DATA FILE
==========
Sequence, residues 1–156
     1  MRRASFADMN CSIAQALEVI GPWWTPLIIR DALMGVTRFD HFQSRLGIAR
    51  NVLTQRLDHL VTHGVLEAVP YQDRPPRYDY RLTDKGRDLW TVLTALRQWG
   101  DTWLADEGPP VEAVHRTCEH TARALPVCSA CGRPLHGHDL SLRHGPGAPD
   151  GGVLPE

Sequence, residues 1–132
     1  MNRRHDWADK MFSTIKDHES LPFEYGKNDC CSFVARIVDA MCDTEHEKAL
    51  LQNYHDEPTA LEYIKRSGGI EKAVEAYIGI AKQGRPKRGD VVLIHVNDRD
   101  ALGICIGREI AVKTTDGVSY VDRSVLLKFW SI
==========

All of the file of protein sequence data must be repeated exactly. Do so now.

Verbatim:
Sequence, residues 1–156
     1  MRRASFADMN CSIAQALEVI GPWWTPLIIR DALMGVTRFD HFQSRLGIAR
    51  NVLTQRLDHL VTHGVLEAVP YQDRPPRYDY RLTDKGRDLW TVLTALRQWG
   101  DTWLADEGPP VEAVHRTCEH TARALPVCSA CGRPLHGHDL SLRHGPGAPD
   151  GGVLPE

Sequence, residues 1–132
     1  MNRRHDWADK MFSTIKDHES LPFEYGKNDC CSFVARIVDA MCDTEHEKAL
    51  LQNYHDEPTA LEYIKRSGGI EKAVEAYIGI AKQGRPKRGD VVLIHVNDRD
   101  ALGICIGREI AVKTTDGVSY VDRSVLLKFW SI